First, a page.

Dairy market fundamentals still look quite supportive for milk prices despite a significant drop in global dairy trade prices last week.
Rices fell more than expected at the latest dairy auction, with price declines led by the fats group (with AMF and butter prices down around 12% each), but WMP prices also fell 6.5%, beating the future market view of a one to two percent drop.
Nathaniel Keal, an economist at ASM bank in New Zealand, said it was important to keep the drop in context.
“Comments from various analysts have been casting bearish terms and talking about plummeting demand,” he said. “An 8.5% drop in the overall GDT index is a huge move over the course of a single auction, but the result only brings WMP and SMP prices back to where they were in mid-January.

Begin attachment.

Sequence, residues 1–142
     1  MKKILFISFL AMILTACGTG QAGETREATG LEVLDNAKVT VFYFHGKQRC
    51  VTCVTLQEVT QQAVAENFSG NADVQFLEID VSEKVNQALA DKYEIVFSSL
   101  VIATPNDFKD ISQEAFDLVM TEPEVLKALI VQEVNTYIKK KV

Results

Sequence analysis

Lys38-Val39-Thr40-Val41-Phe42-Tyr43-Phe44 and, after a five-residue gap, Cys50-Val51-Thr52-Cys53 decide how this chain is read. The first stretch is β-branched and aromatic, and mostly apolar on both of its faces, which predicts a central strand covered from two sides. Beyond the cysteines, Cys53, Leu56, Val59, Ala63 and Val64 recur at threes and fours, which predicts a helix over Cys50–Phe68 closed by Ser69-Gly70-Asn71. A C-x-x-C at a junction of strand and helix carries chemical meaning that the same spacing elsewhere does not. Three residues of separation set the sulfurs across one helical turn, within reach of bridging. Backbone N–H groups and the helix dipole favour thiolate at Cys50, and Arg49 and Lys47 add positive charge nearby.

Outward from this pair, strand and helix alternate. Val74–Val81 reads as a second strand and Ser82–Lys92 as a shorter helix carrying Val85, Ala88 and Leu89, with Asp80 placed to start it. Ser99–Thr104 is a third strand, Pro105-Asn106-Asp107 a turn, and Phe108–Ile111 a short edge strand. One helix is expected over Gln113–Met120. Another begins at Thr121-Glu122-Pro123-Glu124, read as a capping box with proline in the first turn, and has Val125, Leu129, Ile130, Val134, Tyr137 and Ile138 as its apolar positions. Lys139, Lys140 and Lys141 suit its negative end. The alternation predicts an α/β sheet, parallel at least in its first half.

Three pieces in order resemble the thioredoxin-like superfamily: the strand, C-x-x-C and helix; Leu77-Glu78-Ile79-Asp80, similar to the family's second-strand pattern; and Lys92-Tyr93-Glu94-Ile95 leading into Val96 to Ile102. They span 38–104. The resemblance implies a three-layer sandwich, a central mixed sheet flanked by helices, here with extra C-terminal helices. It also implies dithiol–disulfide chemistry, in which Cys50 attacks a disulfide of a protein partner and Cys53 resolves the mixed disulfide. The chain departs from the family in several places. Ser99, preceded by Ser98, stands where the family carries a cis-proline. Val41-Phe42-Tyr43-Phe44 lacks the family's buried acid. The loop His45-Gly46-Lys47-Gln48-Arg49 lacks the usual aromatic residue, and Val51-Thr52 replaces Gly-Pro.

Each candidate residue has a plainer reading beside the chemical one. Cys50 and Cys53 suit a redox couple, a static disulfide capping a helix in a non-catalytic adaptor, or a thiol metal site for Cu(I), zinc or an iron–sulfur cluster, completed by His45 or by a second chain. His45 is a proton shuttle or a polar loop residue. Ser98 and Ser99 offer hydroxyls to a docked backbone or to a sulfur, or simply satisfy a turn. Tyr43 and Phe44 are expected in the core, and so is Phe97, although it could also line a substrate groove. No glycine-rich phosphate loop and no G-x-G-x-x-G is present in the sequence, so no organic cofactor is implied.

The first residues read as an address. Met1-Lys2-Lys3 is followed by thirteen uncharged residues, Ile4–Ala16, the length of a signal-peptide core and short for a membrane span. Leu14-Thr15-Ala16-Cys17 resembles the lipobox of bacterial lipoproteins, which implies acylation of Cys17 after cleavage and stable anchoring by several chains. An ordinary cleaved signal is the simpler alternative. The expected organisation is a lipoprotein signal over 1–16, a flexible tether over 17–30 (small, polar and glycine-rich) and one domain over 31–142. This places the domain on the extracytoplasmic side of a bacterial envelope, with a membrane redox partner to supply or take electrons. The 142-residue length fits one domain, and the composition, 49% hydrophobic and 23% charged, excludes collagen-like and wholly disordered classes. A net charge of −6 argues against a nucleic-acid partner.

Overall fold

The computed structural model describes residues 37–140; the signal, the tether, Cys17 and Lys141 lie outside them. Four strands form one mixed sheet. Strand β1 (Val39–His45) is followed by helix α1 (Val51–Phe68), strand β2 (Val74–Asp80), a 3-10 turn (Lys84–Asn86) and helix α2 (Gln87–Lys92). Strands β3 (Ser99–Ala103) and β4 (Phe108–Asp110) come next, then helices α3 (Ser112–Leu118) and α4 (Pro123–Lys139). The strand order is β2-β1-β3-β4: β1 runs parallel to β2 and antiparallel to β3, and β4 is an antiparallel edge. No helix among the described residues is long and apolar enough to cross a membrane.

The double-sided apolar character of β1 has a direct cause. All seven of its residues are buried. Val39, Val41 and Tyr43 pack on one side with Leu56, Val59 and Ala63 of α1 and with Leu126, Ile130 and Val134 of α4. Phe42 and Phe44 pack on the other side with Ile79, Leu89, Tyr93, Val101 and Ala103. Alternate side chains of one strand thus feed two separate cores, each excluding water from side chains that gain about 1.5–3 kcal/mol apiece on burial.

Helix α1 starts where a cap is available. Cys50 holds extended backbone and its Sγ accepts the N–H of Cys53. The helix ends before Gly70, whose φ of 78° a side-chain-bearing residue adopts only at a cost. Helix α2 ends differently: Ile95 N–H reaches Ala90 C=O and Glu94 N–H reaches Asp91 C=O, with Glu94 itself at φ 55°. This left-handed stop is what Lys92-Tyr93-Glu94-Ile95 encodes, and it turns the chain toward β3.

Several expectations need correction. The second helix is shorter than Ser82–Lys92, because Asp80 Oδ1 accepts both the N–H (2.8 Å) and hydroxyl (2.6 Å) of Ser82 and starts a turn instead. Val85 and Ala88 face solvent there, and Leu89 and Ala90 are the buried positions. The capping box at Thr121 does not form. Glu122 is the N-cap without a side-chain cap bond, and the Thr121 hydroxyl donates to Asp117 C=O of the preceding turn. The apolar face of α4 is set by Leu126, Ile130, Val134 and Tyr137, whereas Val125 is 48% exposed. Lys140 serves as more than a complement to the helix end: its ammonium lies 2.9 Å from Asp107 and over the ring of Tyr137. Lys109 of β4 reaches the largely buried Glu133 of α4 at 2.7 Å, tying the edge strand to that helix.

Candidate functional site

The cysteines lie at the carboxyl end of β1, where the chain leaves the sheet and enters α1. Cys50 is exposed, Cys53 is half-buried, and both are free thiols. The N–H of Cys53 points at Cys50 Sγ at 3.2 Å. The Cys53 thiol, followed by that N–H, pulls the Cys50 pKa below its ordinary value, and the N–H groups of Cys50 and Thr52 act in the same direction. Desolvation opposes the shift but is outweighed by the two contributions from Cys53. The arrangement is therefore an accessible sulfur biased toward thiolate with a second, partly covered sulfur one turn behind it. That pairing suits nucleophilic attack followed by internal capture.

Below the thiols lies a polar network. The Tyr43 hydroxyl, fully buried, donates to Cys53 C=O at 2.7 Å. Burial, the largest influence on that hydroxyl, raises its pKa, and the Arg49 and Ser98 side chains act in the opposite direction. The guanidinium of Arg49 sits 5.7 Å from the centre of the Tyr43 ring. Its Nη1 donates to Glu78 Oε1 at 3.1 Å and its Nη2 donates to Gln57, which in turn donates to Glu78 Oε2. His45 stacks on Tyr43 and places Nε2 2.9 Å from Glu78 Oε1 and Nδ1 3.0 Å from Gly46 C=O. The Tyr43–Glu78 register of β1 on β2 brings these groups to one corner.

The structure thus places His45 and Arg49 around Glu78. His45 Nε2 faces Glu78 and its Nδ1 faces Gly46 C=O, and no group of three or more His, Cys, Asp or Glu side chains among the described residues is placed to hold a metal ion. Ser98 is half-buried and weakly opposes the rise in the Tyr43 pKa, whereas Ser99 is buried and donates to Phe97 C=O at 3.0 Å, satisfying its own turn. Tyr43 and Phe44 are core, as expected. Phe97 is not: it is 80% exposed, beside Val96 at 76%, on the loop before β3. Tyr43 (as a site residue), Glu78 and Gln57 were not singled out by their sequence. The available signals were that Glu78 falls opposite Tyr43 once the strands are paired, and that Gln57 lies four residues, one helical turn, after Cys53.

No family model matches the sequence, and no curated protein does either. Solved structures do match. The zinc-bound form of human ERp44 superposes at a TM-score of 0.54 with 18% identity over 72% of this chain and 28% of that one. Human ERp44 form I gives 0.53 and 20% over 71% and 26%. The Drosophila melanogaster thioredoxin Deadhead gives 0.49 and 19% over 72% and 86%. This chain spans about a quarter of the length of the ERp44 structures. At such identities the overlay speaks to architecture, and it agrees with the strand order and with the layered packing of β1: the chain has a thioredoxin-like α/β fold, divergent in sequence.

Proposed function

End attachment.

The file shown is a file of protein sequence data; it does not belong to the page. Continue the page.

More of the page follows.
“Prices for all major products on offer remain 30% to 70% above long-term averages. Prices are still very high by any benchmark.”
Mr Keal said there are a few factors driving prices down, including the Omicron outbreak issues in China which he said have severely disrupted the local dairy market as raw milk is diverted from fresh milk and turns to dust, which means that the market has been well supplied in the near term.
“This auction caused buyers from other regions to back off a bit, perhaps with a view to seeing how the situation in China develops and to get an idea of how production in the northern hemisphere will develop in late spring,” he said.
Overall though, Mr Keal said his view is that dairy market fundamentals still look quite supportive for prices.
“Local production here in New Zealand is down five per cent year-to-date as of the end of March, while global production is likely to be flat at best this season.
“Meanwhile, we expect demand in China to remain relatively strong despite lockdown uncertainties.”
It comes as the Glanbia Co-op board has announced that no penalties will be applied to milk suppliers who exceed their Peak Milk allocations in May or June 2022.